There are a great many bands that have influenced me, but I would say that ‘Valgori’ carries some King Crimson influence. I also feel very close to the Norwegian Ulver. I love their general approach to music. I love the idea of being free, untagged, therefore I try to renew myself each time and to expand my boundaries. I listen to a lot of different things, just as long as they make sense and move me.
The band exists of three people, but Brieg is the main man. Composing and writing everything. How is the cooperation between the three of you?
‘Valgori’ is a record that is a bit apart from the others, since the three of us co-wrote many of the songs. On the previous album, ‘Ar Bed Kloz’, I had brought forth many of the ideas and the arrangements were made by the group. When we started working on ‘Valgori’, all the ideas just sprang forth in all directions, and there came a time when I had to take control of the art direction. There is quite a fusional element within the group, we have known each other for twenty years, as friends and as musicians. It was not easy when we started to write, and then each of us found his marks. I brought ideas for riffs and ambiant songs, and we built the pieces together step by step. On this new album, I mainly provided the work of an author in order to give each of us a lead. The album was made and pre-produced over a period of seven months. We then went to the studio to record everything. We mixed the album with our sound engineer in his home studio and it was mastered at Fascination street in Örebro, Sweden.
What was your aim after the last record, ‘Ar Bed Kloz’? What was it you tried to reimagine or improve?
Every record is a turning point in a group’s existence. ‘Ar Bed Kloz’ was built on an ambition of its own, quite different from what brought ‘Valgori’ forward. ‘Ar Bed Kloz’ was probably more into rock, and I was still finding my path as a composer. I believe the new album is much more even, and I address the international scene in a more marked way. I have had a lot of positive reactions to ‘Valgori’, I did not expect that many. That record demanded much work and thought. There were strenuous times as well as a lot of doubt. I think I wanted to be rid of the “province” tag that was being forced upon me. I do not want to be Mr. Rock in Breton from Brittany, that is not my purpose at all. Above all, I am a musician and I want to be acknowledged as such. I don’t want people to say, hey, this lad sings in Breton, how unusual. I don’t want to be known only for the fact that I sing in Breton. Most of those who listen to me in Brittany are not breton-speakers, that proves that my music can reach anyone.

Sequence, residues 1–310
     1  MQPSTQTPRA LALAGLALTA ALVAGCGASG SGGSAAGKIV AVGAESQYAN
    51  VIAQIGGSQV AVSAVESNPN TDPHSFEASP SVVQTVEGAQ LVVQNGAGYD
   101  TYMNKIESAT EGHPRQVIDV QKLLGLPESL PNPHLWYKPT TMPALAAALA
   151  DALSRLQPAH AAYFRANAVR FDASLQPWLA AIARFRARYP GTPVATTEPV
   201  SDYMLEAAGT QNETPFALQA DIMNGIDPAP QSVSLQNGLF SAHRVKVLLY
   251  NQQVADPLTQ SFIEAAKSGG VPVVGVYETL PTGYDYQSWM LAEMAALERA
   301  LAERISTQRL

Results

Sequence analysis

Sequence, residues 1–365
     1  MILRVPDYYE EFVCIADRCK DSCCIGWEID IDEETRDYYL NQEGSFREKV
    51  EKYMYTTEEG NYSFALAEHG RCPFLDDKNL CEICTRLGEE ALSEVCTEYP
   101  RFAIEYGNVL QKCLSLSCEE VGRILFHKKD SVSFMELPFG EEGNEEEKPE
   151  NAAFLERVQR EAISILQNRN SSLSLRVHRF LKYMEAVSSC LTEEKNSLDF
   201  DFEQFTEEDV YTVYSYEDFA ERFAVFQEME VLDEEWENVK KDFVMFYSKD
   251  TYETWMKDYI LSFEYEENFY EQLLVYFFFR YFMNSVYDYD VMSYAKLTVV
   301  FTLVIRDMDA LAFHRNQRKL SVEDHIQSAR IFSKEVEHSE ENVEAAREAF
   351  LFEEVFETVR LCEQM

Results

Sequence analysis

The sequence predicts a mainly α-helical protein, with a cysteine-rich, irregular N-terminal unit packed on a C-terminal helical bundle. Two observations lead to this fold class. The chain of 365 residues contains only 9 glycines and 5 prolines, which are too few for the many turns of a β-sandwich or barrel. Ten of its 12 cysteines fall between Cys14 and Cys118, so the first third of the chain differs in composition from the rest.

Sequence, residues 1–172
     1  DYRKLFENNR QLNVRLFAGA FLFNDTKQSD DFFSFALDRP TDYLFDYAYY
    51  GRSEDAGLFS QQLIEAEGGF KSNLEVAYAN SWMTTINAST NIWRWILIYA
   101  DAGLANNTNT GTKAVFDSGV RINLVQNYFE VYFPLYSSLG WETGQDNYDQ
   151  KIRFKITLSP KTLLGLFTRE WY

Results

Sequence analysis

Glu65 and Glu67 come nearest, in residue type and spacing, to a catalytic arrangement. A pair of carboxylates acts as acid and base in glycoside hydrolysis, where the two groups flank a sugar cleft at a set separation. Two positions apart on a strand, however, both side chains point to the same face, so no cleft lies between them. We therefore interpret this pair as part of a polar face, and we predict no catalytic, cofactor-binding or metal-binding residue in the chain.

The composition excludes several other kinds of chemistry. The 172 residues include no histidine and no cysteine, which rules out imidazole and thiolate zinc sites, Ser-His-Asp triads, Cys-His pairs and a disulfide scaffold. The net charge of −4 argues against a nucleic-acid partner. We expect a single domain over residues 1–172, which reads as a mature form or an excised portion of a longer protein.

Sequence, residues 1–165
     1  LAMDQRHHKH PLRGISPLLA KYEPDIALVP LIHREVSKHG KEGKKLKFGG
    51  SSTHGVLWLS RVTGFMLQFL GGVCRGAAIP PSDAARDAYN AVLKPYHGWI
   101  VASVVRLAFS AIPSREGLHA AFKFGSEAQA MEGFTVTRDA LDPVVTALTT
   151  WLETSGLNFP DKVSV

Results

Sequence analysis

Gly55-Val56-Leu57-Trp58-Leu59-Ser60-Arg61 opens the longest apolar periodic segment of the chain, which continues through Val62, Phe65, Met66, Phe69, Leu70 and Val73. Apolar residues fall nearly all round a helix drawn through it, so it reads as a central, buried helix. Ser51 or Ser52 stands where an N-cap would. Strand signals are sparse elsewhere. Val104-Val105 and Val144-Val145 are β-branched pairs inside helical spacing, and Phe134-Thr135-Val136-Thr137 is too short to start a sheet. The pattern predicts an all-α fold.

Have you thought-out a plan for the band’s future? What will you be doing in 2017?
Answer: We already have a few dates for 2017, among others for the greates Breton festivals. The record was just published and I am trying to make it known. I have no tour manager, so it is difficult to organise a tour of Europe. If we must leave home, we might as well play for music lovers, so we want to advertise the new record to begin with.
Our project is getting bigger with every concert we play and the acquaintances we make. We recently performend with the French band KLONE, we did fine and this collaboration makes us want to try to share other concerts and other projects. This is how I see music and the band’s progress. There is much work to be done, and a lot of satisfaction to be had.
Is there a possibility that you’ll go touring and show your new works to the audience in The Netherlands?
We haven’t scheduled any dates in Holland yet, but we would love to visit. My guitar player is Eric Cervera, he is sponsored by the guitar brand Rebel Relic, hailing from your country. We sure want to travel through Europe, but it is a bit difficult at the moment. We hope that this new record will open some doors, and that we will be able to play live more often.
Well, that's about it for this time. If I forgot some important feature of what's going on within the band please feel free to add it here.
Thank you for this interview, and for allowing me to talk about the new record. It is not easy for a band to progress abroad and create buzz. I am greatly honoured to share my music and speak about Breton and our bit of earth in the westernmost part of the European mainland. I hope we will tour Holland soon. I welcome any proposal from concert and band managers who would like us to play. Do get in touch with me!